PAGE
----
4. Anthony Baptist, DSL (17) – Should be avidly watched in the DSL as he was the #2 international signee by the Mets and has been scouted as the dreaded “Five Tool Player” a term that still makes me more nervous than happy.
  5. Lorenzo Cedrola, AAA (25) – Barely a true prospect but one of those players that I am drawn to as I can see a near immediate use for their skills. Cedrola seems like a solid fourth outfielder with speed and a little power to go along with solid defense.
  6. Matt Rudick, AA (24) – Some success goes beyond reasoning. Rudick’s OPS is now .969 and that starts to suggest his success is real. He should be promoted to AAA when Ramirez and others reach AA.
  7. Carlos Dominguez, A (23) – A solid hitter who is well past due for promotion as he’s way too old for his level.
  8. Carlos Cortes, AAA (25) – Cortes is essentially not a prospect anymore and he’s outside the current Top 50. He has some talent but should be a career AAA player.
  9. Willy Fanas, DSL (19) – Mediocre results in the DSL doesn’t inspire a ton of confidence in an international signee with some mystique.
  10. Simon Juan, DSL (17) – Was more highly scouted than Fanas but had worse results than Fanas. On the plus side he’s still super young.

Starting Pitching: The Mets woes in starting pitching are often talked about. The major league team was hurt by injury and some questionable umpiring/league decisions but in the minors the issue is that Met fans are spoiled. The Mets churned out Matt Harvey, Jacob deGrom, Noah Syndergaard and Steven Matz year after year and an organization generating that level of pitching talent with that kind of regularity is pretty crazy. Unfortunately, the Mets now have a farm with pitchers who all have ceilings below that of a Staff Ace and it feels worse than it actually is.

  1. Mike Vasil, AA (23) – Bring on the doubters who will be up in arms about me ranking Vasil above Hamel, Tidwell and Ziegler. Minor league performance matters and despite a lack of “Ace” stuff, Vasil is the most effective starting pitcher in the minors right now. The biggest stat for Vasil’s success is that pristine WHIP which shows how good he’s been at keeping batters off base. His strikeout numbers are phenomenal but I expect them to go down as he faces better hitters at AAA and onward.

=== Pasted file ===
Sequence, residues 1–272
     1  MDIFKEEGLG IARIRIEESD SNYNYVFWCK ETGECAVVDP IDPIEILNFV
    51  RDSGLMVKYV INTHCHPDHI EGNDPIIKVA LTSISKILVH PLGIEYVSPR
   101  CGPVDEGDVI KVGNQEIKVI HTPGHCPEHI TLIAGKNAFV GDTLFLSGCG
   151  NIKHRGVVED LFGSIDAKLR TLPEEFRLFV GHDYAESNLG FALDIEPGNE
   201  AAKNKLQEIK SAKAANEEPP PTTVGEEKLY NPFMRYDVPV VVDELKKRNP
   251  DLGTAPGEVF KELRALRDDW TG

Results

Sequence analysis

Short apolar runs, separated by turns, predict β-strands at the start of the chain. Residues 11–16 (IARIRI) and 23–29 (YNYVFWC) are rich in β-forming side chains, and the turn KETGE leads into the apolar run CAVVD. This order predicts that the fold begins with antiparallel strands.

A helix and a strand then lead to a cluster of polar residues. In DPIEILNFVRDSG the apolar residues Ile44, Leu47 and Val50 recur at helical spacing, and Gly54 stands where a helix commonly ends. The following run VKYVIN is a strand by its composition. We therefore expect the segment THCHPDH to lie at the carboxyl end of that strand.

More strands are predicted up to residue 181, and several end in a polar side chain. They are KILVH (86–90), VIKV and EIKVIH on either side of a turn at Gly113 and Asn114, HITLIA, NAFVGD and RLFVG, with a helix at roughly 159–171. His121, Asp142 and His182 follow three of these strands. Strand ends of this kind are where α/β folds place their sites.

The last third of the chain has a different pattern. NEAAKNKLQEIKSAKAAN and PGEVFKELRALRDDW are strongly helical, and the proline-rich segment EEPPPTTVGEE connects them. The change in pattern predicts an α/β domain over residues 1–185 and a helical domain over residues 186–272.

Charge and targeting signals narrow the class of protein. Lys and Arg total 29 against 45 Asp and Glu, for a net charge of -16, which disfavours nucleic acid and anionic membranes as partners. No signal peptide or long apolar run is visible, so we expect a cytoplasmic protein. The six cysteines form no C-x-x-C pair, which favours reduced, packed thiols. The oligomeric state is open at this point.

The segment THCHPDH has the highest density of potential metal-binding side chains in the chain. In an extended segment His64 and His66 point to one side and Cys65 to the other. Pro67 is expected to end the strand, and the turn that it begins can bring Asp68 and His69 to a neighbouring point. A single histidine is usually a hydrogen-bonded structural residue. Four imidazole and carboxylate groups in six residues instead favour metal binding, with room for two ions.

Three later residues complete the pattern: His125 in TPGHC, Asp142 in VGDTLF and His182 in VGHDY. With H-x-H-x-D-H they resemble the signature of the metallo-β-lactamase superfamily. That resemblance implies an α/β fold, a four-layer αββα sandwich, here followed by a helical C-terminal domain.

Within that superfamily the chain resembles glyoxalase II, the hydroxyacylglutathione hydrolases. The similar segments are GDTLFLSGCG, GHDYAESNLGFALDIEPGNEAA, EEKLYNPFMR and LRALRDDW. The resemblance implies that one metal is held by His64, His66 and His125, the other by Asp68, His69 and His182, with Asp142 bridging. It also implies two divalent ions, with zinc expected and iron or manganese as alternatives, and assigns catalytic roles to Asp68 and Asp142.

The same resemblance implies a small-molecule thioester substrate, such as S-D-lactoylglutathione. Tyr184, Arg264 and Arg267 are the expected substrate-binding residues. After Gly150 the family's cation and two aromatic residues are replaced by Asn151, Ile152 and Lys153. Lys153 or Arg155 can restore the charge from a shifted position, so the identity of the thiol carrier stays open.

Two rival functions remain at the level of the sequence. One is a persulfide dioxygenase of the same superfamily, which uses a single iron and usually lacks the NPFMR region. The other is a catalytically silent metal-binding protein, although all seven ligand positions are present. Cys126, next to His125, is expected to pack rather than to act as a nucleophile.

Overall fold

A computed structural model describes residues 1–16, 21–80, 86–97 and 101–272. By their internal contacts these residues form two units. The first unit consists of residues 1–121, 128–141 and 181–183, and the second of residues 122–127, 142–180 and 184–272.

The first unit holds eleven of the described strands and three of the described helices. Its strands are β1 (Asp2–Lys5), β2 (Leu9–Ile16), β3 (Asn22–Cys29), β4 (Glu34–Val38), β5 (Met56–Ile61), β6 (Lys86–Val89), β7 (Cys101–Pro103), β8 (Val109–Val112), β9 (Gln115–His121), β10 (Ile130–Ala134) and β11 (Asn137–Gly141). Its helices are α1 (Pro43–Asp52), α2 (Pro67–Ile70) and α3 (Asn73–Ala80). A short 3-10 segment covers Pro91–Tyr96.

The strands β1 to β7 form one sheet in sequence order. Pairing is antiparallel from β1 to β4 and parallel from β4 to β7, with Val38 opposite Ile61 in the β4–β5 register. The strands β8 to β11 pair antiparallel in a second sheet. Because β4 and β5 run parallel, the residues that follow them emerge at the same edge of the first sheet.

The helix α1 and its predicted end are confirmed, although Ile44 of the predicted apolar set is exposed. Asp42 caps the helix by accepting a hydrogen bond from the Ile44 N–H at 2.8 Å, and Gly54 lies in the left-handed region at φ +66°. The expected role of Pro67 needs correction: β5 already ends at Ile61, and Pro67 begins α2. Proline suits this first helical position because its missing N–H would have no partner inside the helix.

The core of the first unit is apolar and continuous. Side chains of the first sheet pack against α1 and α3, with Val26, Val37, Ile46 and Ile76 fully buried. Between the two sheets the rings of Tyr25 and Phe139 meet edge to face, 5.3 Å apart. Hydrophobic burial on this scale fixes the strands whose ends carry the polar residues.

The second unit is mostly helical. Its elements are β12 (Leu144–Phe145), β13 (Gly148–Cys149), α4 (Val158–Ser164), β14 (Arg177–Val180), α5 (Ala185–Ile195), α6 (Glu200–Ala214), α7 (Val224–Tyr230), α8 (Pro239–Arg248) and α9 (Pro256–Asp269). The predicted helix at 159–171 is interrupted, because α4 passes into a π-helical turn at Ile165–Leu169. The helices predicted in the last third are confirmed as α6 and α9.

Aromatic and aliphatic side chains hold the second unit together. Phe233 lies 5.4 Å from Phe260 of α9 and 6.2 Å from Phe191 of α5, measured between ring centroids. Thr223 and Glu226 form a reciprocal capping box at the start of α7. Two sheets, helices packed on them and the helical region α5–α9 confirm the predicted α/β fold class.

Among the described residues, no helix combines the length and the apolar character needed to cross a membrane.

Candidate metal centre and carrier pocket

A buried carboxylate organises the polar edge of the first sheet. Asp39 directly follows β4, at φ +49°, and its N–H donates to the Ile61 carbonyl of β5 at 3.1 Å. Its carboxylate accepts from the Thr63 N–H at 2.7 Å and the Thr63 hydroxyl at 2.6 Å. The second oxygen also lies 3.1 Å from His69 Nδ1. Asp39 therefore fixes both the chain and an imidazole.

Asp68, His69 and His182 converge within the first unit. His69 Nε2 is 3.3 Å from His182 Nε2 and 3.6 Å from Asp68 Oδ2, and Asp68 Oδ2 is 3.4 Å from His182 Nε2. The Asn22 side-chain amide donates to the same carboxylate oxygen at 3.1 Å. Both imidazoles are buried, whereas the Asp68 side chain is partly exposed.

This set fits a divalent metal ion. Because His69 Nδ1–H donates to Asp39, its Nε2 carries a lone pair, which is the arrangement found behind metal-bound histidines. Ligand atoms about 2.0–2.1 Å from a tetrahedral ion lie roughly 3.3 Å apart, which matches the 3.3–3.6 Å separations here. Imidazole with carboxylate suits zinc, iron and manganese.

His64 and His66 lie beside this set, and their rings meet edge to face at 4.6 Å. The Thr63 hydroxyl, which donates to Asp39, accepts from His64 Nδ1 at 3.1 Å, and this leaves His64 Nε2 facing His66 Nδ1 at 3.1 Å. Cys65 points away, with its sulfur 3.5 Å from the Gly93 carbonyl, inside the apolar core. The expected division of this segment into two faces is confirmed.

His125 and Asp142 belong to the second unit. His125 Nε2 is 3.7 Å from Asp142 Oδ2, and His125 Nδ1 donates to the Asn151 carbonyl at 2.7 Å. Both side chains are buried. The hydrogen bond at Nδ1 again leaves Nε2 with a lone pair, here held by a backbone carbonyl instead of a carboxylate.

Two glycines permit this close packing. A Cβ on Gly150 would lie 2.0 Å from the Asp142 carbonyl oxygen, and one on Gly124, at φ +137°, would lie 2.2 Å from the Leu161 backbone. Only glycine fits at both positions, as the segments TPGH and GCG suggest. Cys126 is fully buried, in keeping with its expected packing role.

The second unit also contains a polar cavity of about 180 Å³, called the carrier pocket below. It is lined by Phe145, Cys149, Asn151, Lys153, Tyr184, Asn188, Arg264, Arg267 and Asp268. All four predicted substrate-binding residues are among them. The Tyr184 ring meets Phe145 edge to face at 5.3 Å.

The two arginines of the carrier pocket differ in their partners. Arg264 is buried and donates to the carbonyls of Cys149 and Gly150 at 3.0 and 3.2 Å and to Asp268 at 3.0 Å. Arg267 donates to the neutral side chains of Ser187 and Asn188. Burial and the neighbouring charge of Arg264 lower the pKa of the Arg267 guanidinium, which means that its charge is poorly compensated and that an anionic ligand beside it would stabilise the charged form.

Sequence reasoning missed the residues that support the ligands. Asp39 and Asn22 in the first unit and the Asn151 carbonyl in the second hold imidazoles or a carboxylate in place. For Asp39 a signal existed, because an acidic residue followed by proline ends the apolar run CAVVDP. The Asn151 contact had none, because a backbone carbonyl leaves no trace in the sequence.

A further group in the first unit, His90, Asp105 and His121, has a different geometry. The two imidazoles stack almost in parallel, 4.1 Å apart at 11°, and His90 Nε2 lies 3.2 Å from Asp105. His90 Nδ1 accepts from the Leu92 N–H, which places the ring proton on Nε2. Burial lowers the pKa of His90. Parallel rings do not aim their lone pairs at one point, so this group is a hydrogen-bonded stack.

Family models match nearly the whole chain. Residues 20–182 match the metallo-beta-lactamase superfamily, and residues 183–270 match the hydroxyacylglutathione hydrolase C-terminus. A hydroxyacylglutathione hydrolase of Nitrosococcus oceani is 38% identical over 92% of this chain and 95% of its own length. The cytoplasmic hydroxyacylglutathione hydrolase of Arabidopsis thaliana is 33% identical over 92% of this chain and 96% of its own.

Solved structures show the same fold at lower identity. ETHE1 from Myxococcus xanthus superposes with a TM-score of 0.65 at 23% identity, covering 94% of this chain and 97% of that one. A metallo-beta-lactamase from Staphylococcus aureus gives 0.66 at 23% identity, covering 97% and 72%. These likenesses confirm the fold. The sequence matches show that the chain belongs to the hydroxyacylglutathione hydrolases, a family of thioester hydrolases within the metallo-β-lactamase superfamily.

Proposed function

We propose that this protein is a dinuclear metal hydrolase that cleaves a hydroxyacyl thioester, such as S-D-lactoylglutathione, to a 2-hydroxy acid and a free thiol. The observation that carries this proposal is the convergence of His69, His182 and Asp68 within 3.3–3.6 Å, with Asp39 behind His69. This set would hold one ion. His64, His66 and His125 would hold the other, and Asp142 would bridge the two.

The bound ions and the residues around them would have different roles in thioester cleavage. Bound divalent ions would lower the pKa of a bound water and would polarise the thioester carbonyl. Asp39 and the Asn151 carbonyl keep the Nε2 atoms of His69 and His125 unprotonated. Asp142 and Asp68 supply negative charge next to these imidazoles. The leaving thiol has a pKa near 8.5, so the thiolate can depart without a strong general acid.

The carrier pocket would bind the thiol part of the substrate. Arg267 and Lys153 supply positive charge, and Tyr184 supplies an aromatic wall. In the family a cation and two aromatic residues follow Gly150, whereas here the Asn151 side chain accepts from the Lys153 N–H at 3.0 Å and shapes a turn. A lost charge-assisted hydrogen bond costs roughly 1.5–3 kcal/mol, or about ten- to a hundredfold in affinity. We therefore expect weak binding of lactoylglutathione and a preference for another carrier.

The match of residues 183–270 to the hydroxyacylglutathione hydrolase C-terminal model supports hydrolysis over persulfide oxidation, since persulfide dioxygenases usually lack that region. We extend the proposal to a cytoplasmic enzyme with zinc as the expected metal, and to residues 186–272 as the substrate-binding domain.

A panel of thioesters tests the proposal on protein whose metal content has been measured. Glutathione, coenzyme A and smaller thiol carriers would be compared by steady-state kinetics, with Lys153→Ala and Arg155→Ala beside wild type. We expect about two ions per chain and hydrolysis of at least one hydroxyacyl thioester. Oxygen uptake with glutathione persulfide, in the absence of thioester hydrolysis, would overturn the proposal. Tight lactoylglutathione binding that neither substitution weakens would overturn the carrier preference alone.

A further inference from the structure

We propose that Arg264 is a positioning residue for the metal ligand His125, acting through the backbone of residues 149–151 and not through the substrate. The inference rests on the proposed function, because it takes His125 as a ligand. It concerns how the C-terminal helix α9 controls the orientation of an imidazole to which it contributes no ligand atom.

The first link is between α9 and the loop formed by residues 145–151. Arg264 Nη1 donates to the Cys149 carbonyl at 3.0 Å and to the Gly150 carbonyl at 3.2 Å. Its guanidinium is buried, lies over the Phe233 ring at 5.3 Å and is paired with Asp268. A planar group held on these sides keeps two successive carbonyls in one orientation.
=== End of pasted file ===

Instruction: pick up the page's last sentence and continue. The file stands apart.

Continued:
2. Blade Tidwell, A+ (21) – Tidwell is a solid pitcher and he has good stuff but he’s also walking way too many batters and giving up too many runs. One shouldn’t get overly hung up by ERA with prospects but, while an ERA North of 4.00 would be okay, one north of 6.00 is not.
  3. Dominic Hamel, AA (24) – Hamel is another good pitcher who has hit some rough outings. His numbers through his first start of May were good but the last two starts have been rough. The Mets will need to figure out why Hamel has suddenly become so hittable and make a correction.
  4. Tyler Stuart, A+ (23) – Generally a 6th round pick should not supplant highly scouted prospects but Stuart, like Vasil, is getting things done. The 6’9” starter has been the best starting pitcher in Brooklyn and he’s getting strikeout numbers above where things were projected. His scouting had his stuff at the fringes of making him a higher pick so there is reason to hope that he is a diamond in the rough type pitcher.
  5. Calvin Ziegler, A (20) – Injuries are not fair and Ziegler not pitching in 2023 yet has him falling beneath a number of players who would normally be ranked beneath him. When Ziegler pitches his value may take an immediate bounce but it could also take a hit as he has less time to recover from a tough start.
  6. Joel Diaz, A (19) – Another pitcher who has yet to throw innings in 2023. Diaz has potential but we want to see marked improvement from his 2022 Port St. Lucie debut.
  7. Daviel Hurtado, DSL (19) – Hurtado is a highly touted international signee out of Cuba. The lefty has a 95 MPH fastball and a “Big” curve but needs to get some stats under his belt before we rank him any higher.
  8. Matt Allan, IL (22) – Allan has lost so many seasons at this point he may never actually be anything for anyone but the Mets don’t have anyone in their system with better scouted “stuff”. If he ever is healthy enough to pitch an inning we’ll see how good he still is.
  9. Robert Dominguez, A (21) – A highly touted international signee who has also spent significant time not pitching Dominguez turned heads as a prospect who hit triple digits. He’s expected to return to the mound this year but there has been no sign of him just yet.
  10. Christian Scott, A+ (23) – Scott was thought of as a prospect when he was drafted as a two way player and a solid performance at the end of 2022 in Brooklyn supported that but his 2023 has failed to leave anyone impressed.

Relief Pitching: The most underrated part of the Mets farm system. The Mets have four pitchers listed on this depth chart who look like they could have impacts on a major league roster and that is a very healthy number.